Geography

Well-being and Humanities Education in Singapore

"In February (2014), I was invited to Nagoya University (Japan) to participate in a symposium on well-being and education in the ASEAN region. Participants from ASEAN nations shared the state of well-being in their nations and considered the role education can play to promote well-being. My participation in this symposium led me to think about well-being in Singapore and the relationship between Humanities education and well-being."

A Space for Social Justice in Geography Education?

"The push for more attention on social justice in geography education has gained a stronger sense of urgency and greater coherence in recent decades. This has occurred in tandem with increasing attention paid by geographers to what this discipline, perceived by some as inherently concerned with injustice and disparity (Smith, 1994; Merrett, 2000), can do to contribute to a more equitable world. This push for what Kirman (2003) termed as “transformative geography” (p. 93) in education calls for teachers to introduce students to the geographical aspects of social justice and focus on how these issues are located at a number of interconnected geographic scales (local, regional, state and international). This will allow students to practice the “discipline of geography for the well-being of people and the environment in order to improve the world” (p. 93). "

Advancing a Framework for Climate Change Education in Singapore Through Teacher Professional Development

"Cities like Singapore have implemented numerous planning norms and policies that are aimed at addressing rapid urbanization. These efforts, however, have largely been state-driven and state-led. In other words, important behavioral norms such as the reduction of consumption of materials and energy have not necessarily been inculcated or accepted (Ministry of Environment and Water Resources, Singapore, 2008). For instance, while there have been many public events and campaigns through mass media aimed at raising awareness, such campaigns only galvanize a small portion of the population to change their behavior in order to mitigate climate change. Schools, however, provide a favorable environment whereby environmental measures such as recycling activities can be put in place to promote positive attitudes and behaviors toward climate change. Formal lessons, in addition, can help to reinforce the concept of climate change and this in turn may influence students’ knowledge, attitude, and behavior towards climate change. "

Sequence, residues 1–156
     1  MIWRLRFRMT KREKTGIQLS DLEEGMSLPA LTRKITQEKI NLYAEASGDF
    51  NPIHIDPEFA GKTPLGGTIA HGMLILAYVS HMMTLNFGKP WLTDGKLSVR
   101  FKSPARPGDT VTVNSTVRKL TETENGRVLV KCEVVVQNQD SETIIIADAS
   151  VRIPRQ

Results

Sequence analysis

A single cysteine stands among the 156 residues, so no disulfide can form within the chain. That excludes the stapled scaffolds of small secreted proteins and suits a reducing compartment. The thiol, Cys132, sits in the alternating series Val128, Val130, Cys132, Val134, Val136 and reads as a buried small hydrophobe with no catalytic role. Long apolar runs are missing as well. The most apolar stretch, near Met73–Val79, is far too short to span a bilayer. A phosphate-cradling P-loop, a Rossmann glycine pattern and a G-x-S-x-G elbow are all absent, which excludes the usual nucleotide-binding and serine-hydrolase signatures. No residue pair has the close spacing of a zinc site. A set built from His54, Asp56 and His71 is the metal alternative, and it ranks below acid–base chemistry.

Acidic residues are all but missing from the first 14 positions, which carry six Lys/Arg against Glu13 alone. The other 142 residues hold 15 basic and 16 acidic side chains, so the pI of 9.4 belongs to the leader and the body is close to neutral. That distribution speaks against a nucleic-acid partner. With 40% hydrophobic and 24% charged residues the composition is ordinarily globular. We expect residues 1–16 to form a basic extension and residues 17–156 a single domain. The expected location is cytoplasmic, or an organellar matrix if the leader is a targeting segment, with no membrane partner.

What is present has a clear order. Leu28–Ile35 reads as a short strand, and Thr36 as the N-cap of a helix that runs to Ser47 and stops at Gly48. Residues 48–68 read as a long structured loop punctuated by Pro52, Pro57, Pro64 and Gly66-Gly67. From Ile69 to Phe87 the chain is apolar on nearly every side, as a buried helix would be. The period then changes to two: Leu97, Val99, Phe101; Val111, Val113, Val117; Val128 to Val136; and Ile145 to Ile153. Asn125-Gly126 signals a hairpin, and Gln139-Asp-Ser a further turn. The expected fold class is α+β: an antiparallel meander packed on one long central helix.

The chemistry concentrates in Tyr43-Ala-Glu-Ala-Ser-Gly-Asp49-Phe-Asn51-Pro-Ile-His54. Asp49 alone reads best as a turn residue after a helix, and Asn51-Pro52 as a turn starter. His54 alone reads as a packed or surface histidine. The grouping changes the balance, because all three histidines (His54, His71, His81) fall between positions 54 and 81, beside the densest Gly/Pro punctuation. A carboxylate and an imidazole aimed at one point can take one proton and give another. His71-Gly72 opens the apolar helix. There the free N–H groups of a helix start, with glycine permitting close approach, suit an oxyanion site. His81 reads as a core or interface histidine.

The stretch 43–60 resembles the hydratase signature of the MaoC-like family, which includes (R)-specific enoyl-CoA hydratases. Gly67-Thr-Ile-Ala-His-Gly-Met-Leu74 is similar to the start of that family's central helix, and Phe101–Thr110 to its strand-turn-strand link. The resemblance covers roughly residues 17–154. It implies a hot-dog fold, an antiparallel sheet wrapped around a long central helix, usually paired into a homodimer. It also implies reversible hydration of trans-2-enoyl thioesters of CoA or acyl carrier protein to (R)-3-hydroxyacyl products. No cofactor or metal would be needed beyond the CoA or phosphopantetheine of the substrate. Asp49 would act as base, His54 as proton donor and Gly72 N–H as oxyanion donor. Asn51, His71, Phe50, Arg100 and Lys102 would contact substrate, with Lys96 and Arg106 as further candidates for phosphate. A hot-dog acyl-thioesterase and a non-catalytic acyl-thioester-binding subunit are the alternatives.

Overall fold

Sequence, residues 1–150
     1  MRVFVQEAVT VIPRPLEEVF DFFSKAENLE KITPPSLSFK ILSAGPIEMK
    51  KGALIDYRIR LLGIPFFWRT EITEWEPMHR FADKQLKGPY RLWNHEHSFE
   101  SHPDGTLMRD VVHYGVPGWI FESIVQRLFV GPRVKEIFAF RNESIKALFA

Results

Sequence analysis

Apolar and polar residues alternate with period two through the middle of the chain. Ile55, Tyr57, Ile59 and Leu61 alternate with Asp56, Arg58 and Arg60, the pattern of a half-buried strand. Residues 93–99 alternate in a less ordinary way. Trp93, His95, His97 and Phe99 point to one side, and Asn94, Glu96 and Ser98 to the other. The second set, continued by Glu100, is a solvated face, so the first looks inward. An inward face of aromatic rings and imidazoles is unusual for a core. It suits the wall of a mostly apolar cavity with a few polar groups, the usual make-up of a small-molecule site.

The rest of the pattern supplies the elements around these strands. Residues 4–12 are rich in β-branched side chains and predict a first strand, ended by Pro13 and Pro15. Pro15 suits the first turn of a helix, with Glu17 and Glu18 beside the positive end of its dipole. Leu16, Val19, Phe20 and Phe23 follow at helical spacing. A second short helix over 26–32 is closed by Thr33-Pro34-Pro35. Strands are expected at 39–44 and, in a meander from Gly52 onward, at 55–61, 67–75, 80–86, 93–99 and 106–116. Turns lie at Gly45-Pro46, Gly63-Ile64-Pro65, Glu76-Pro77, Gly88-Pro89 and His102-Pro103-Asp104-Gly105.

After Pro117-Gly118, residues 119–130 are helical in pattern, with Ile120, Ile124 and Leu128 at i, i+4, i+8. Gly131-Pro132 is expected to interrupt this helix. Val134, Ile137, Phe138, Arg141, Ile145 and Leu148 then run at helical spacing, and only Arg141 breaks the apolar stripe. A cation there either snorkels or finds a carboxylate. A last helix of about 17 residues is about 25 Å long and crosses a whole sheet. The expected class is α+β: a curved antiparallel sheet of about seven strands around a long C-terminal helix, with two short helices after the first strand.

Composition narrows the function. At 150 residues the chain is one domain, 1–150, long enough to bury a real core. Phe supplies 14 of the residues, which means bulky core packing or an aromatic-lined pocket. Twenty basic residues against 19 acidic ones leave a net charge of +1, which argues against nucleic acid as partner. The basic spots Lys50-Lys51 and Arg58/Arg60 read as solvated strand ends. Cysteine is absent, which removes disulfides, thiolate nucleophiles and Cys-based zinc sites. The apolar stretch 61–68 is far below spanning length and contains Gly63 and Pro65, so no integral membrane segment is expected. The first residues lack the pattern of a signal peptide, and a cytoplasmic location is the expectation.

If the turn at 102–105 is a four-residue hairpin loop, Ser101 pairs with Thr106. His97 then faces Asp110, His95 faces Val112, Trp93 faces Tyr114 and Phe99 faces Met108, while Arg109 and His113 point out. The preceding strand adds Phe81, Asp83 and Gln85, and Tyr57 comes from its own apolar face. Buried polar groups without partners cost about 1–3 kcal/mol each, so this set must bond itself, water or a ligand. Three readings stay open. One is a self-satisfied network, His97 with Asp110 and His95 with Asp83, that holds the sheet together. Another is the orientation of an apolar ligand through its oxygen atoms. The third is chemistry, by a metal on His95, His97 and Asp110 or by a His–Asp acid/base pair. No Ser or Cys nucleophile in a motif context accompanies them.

Deepening Secondary Students’ Understanding of Coastal Management at Labrador Park through Fieldwork